Now the debate tomorrow at Washington University in St. Louis is a "town hall-styled" forum, where members of the audience will ask questions. Since his humbling in the first debate with Clinton, who displayed the cool that Pence showed in his face-off, Trump has suggested that he might be ready to talk about her husband's infamous infidelity -- and even suggested at one of his rallies, without any support, that Hillary too has been unfaithful to Bill.
It's difficult to imagine either Trump or Clinton opening this conversation, which means moderators Anderson Cooper of CNN and Martha Raddatz of ABC will have to find a way in. It's intriguing to imagine the conversation they're having about how that question will be phrased. Once it's out there, though, there may be no retreat to any corner of decency, no apology good enough for the 80-some million people likely to tune in.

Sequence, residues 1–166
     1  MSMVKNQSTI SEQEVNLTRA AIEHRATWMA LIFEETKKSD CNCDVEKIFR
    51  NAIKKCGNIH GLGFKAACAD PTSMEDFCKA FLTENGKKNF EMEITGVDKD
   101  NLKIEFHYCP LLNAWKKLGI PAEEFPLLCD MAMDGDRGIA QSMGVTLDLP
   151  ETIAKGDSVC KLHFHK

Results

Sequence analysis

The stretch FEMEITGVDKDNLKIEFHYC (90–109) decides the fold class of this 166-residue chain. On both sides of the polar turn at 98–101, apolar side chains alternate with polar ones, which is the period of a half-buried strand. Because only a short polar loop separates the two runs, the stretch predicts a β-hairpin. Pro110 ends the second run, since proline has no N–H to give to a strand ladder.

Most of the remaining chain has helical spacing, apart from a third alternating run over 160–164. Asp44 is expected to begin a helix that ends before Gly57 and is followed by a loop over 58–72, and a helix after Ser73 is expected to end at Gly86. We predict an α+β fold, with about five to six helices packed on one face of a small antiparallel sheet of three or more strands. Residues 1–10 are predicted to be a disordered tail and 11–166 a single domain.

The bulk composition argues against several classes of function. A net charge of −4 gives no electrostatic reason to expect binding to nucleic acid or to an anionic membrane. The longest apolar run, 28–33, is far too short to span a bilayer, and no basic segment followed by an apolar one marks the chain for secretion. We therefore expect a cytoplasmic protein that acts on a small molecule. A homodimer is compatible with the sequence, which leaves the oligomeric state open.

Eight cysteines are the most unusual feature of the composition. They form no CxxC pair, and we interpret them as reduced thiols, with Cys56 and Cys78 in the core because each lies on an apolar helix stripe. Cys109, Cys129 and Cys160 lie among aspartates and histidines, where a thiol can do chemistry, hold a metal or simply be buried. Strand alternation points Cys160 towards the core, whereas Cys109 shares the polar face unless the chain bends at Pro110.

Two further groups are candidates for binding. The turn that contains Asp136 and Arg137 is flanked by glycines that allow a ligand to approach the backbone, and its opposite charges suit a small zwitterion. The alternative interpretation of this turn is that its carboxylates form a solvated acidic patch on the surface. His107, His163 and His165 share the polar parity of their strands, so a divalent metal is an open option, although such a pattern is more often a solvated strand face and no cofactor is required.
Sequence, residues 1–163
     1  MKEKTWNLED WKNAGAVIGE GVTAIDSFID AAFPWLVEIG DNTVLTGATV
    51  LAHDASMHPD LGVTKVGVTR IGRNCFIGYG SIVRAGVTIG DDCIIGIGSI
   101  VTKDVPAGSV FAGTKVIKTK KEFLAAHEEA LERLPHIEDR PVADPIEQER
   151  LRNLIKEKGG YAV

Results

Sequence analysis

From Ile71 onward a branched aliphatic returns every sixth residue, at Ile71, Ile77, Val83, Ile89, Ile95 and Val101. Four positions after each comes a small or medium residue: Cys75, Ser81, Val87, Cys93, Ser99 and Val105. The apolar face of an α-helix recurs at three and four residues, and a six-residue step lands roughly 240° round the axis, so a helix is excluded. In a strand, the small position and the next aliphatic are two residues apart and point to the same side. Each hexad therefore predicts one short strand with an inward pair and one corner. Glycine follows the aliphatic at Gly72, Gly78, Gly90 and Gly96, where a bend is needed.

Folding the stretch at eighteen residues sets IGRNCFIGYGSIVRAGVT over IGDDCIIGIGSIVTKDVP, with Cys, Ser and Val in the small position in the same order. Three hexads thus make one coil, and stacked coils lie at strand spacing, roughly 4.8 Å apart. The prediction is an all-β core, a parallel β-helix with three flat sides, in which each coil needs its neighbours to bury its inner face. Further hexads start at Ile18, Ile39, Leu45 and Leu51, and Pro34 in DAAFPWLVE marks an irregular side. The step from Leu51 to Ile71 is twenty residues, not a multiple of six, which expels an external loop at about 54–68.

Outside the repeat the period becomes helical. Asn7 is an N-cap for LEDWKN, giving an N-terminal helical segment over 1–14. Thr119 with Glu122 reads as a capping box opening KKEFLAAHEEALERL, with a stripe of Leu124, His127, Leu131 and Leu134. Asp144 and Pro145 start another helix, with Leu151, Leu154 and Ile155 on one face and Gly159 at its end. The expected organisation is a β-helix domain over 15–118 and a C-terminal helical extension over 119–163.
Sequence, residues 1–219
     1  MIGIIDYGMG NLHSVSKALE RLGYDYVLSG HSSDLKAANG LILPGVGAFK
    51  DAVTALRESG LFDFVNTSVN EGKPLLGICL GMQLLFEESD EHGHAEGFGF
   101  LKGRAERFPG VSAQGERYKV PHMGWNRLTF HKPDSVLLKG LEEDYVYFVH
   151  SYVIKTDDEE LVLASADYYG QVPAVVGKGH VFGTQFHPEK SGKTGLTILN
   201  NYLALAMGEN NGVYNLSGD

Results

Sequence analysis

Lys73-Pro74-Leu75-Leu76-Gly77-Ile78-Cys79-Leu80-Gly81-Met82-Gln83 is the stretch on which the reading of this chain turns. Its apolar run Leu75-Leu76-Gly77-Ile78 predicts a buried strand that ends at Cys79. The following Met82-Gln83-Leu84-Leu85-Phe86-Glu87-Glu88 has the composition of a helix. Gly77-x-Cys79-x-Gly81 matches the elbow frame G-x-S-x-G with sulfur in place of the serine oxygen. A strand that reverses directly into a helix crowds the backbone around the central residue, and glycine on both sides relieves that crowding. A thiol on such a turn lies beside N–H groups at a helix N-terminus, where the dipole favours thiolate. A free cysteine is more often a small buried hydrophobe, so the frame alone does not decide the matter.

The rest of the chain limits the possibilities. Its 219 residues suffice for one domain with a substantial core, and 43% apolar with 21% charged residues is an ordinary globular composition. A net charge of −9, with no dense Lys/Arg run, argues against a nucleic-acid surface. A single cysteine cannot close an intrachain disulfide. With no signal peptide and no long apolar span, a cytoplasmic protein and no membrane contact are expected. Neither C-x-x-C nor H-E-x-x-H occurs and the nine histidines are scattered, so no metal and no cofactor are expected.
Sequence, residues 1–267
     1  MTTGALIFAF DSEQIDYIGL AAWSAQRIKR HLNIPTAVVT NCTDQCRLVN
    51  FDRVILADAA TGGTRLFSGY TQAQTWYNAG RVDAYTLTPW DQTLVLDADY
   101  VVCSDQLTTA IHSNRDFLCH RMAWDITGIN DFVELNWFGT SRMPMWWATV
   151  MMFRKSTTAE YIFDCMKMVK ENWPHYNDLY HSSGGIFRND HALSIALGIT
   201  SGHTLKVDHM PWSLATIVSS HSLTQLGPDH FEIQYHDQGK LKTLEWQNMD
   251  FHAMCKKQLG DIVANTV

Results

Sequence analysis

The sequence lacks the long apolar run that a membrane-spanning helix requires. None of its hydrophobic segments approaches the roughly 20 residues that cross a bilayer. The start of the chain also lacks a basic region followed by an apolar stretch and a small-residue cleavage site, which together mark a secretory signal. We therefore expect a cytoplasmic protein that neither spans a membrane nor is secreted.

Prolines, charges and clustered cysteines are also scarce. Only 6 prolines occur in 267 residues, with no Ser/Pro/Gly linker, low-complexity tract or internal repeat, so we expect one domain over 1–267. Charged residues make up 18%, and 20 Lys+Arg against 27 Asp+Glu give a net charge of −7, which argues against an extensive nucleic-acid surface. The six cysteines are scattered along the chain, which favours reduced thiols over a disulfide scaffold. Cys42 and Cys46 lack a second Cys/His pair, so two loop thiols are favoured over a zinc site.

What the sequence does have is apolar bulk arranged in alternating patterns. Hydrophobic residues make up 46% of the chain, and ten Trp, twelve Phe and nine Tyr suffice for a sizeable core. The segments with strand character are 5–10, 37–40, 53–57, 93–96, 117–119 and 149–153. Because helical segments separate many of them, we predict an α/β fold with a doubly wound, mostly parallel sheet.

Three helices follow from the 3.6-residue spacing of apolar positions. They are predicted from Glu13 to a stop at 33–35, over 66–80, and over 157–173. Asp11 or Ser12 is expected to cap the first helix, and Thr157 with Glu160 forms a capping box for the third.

Trump insisted in phone calls to the Washington Post and Wall Street Journal today that there is "no chance" that he will withdraw from the race, as "some people" -- words Trump loves to employ in his own unsubstantiated statements -- suggest.
Hugh Hewitt, the conservative radio commentator for the Salem Radio Network, a Harvard graduate who worked in Ronald Reagan's White House and oversaw the construction of the Richard M. Nixon Presidential Library as its executive director, took to Twitter today, a forum where Trump is fond of taunting opponents.
This is what Hewitt tweeted:
"For the benefit of the country, the party and his family, and for his own good, @realDonaldTrump should withdraw. More and worse oppo coming"
Can it really get any worse?